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By Cheryl Caesar

PROMPT—During Covid-19 ...

Folk music twines. Male and female

voices close together, crossing

over, twist like threads

of a friendship bracelet.

She sings with her whole body, raising

a hand to lift her voice. Her trunk

weaves the melody from side to side, as the two

voices swell and recede, intimate as waves.

When he picks the strings, she touches

invisible piano keys.

At sixteen, I sang

folk songs with my father, played guitars.

I worried about authenticity. Could I sing

a man’s part, to “Green Grow the Lilacs”?

“She sent me an answer,

all twisted in twine…” Could I sing

of poverty, riding the rails, marching

in a picket line? Now at sixty

it has all come round again. The Civil War

has twice returned. Age and gender

are an illusion. “Tell me why the ivy twines…”

sing the contrapuntal voices.

Even the word “ravel” means its own opposite.

In the end, there is no unraveling.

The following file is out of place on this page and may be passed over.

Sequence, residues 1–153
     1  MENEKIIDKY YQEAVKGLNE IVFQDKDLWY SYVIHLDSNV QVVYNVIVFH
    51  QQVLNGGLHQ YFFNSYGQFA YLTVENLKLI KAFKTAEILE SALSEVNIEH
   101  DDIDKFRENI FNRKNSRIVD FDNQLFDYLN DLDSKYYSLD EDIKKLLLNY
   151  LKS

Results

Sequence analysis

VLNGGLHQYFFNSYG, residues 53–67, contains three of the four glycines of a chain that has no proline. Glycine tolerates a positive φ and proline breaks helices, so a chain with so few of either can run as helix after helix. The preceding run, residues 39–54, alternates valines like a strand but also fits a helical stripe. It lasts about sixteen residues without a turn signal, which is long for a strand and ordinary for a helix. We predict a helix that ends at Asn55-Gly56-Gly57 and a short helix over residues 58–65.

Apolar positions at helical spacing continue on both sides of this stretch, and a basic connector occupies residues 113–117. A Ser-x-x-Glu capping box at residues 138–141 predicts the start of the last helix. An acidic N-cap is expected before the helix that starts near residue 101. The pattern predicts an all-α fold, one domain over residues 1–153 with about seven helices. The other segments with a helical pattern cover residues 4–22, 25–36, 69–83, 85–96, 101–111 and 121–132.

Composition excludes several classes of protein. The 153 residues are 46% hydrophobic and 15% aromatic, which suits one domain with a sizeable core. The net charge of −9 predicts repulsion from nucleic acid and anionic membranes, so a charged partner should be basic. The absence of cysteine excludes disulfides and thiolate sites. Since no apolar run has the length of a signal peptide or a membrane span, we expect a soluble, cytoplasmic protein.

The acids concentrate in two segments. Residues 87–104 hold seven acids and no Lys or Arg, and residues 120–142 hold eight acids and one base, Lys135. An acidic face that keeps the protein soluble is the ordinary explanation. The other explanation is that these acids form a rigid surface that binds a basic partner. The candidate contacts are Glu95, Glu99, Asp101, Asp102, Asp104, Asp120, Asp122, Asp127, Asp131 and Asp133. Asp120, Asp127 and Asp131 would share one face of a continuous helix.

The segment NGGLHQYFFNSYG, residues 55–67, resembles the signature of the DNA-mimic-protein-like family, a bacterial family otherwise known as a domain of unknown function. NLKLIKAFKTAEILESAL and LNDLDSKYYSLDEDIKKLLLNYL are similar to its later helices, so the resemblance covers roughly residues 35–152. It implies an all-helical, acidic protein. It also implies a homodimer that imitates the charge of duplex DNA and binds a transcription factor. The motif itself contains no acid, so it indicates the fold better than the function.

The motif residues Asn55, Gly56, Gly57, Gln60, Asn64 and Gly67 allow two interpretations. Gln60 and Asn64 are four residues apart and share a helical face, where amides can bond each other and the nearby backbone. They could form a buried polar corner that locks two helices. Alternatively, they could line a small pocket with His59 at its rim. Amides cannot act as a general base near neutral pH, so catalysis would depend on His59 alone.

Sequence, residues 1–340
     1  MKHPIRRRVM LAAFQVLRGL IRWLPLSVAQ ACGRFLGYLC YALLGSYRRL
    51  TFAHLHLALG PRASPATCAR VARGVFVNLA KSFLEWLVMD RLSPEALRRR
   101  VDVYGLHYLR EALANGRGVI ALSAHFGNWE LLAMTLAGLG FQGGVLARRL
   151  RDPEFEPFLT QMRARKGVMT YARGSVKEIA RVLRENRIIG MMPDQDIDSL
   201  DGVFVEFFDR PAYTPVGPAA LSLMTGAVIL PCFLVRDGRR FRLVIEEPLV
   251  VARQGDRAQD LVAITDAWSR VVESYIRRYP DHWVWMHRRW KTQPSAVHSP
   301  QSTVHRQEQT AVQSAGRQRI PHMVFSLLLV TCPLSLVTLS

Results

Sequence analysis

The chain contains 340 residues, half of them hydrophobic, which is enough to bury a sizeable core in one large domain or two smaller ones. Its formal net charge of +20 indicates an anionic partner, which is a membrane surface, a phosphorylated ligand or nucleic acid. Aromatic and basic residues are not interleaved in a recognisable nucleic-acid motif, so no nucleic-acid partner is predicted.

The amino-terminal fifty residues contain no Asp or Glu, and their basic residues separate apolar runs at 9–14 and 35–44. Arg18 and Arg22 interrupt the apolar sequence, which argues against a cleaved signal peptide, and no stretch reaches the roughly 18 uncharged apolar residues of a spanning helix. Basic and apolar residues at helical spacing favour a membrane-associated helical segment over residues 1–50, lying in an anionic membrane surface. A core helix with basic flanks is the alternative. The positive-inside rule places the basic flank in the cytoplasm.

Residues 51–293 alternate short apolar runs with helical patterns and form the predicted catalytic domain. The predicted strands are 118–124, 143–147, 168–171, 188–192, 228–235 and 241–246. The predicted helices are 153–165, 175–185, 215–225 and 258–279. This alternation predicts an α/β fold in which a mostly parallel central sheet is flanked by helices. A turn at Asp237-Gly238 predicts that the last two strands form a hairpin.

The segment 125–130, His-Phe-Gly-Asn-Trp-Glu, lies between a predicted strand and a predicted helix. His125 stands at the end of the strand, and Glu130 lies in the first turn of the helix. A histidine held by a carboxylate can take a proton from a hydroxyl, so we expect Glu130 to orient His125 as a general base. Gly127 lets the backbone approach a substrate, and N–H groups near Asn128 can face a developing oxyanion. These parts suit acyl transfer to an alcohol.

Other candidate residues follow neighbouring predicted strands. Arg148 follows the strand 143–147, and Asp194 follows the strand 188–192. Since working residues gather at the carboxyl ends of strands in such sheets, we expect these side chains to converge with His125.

Cheryl Caesar lived in Paris, Tuscany, and Sligo for 25 years. She earned her doctorate in comparative literature at the Sorbonne and has taught literature and phonetics. She currently teaches writing at Michigan State University. She also gives poetry readings locally and serves on the Board of the Lansing Poetry Club. Last year, Cheryl published over a hundred poems in the U.S., Germany, India, Bangladesh, Yemen, and Zimbabwe, and won third prize in the Singapore Poetry Contest for her poem on global warming. Cheryl's book Flatman: Poems of Protest in the Trump Era, is available from Goodreads and Amazon.


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